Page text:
# Caucy-Riemann equations and differentiability question

bitrex
I'm doing a little self study on complex analysis, and am having some trouble with a concept.

From Wikipedia:

"In mathematics, the Cauchy–Riemann differential equations in complex analysis, named after Augustin Cauchy and Bernhard Riemann, consist of a system of two partial differential equations that provides a necessary and sufficient condition for a differentiable function to be holomorphic in an open set."

But I have a function here, (z*)^2/z, which appears to satisfy the Cauchy-Riemann equations at z = 0, but the function is not differentiable there. Isn't this a contradiction that the above condition is both necessary and sufficient?

Homework Helper
Gold Member
But I have a function here, (z*)^2/z, which appears to satisfy the Cauchy-Riemann equations at z = 0, but the function is not differentiable there. Isn't this a contradiction that the above condition is both necessary and sufficient?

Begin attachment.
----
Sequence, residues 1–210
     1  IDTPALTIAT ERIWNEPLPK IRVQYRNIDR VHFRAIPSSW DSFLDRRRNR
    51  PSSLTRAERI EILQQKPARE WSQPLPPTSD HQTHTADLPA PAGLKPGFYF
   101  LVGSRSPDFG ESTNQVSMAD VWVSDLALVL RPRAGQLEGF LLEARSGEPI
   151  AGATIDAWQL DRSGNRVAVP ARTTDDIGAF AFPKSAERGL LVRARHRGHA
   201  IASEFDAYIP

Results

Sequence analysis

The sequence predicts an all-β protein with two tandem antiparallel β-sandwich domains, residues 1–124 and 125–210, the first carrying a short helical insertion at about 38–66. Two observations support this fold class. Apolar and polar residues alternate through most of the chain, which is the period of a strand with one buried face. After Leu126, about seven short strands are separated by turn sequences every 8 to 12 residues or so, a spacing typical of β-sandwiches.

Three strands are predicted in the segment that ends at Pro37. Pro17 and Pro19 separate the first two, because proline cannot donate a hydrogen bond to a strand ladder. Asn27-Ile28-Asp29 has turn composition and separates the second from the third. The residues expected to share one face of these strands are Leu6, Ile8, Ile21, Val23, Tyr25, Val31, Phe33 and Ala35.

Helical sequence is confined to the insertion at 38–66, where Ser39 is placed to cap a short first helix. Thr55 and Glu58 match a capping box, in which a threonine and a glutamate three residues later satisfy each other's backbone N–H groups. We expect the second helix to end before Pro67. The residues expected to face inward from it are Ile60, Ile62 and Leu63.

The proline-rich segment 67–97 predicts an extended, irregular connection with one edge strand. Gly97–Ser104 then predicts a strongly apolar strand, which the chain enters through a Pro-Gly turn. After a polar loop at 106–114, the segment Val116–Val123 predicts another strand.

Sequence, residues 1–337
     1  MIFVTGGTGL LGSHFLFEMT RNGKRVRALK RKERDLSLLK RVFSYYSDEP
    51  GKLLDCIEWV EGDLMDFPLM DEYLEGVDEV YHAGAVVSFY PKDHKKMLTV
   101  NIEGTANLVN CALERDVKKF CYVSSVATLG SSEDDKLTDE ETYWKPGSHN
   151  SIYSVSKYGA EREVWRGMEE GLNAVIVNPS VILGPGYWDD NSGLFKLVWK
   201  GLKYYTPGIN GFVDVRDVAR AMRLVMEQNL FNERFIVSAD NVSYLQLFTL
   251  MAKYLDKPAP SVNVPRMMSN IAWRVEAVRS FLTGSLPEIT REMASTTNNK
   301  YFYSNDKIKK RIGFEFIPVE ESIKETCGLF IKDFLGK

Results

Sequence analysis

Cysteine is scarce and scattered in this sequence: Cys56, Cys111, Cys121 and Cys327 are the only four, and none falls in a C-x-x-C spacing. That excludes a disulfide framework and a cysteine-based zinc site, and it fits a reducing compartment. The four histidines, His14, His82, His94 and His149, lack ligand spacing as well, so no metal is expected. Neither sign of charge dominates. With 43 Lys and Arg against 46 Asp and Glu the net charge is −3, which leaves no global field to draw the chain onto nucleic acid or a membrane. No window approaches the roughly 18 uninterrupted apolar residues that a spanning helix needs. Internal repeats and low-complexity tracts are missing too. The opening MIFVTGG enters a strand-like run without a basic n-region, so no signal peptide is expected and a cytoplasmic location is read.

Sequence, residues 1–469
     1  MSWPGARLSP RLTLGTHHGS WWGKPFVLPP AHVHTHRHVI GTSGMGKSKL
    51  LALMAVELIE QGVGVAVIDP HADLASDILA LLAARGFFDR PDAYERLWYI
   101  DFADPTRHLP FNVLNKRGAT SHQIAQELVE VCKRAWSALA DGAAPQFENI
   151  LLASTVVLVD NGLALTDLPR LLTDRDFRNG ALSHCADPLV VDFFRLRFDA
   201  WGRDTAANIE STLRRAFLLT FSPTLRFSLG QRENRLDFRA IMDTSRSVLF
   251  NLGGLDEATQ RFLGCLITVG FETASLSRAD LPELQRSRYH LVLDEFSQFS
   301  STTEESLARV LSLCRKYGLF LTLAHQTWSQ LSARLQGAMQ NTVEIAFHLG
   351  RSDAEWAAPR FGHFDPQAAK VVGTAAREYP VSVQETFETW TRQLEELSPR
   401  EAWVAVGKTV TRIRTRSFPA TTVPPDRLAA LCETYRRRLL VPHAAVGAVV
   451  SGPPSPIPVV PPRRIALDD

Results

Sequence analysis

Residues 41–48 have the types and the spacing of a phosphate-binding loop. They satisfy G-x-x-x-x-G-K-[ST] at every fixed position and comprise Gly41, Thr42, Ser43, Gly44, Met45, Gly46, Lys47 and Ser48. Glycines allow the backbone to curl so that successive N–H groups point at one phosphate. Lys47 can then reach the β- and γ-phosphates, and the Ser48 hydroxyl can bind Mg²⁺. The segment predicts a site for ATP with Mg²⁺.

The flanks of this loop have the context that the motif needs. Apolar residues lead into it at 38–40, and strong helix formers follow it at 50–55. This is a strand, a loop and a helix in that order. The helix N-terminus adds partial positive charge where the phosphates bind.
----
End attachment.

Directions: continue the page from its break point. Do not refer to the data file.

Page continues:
As you say, the derivatives in the CR equation don't exist at z=0, so I'm not sure why you believe that the CR equations are satisfied. A prerequisite to CR is that the real and imaginary parts of the function are differentiable with respect to the real variables.

bitrex
Thanks for your reply, I'm not sure exactly why I thought they were satisfied either! I see now that they are not.

A further question - some exercises in the problem set I'm working on ask me to determine where a complex function is differentiable, and some to determine where the function is analytic. If a complex function is differentiable at point $$Z_o$$, is that also a sufficient condition to assume that the function is analytic in the neighborhood of $$Z_o$$? The text I'm using is not clear on this, so I'm not sure if in the problem set they are essentially asking me the same thing with different terminology.

$$\lim_{h\rightarrow 0, h\in \mathbb{C}} \frac{f(z_0+h)-f(z_0)}{h} = f'(z_0) ~~~(*)$$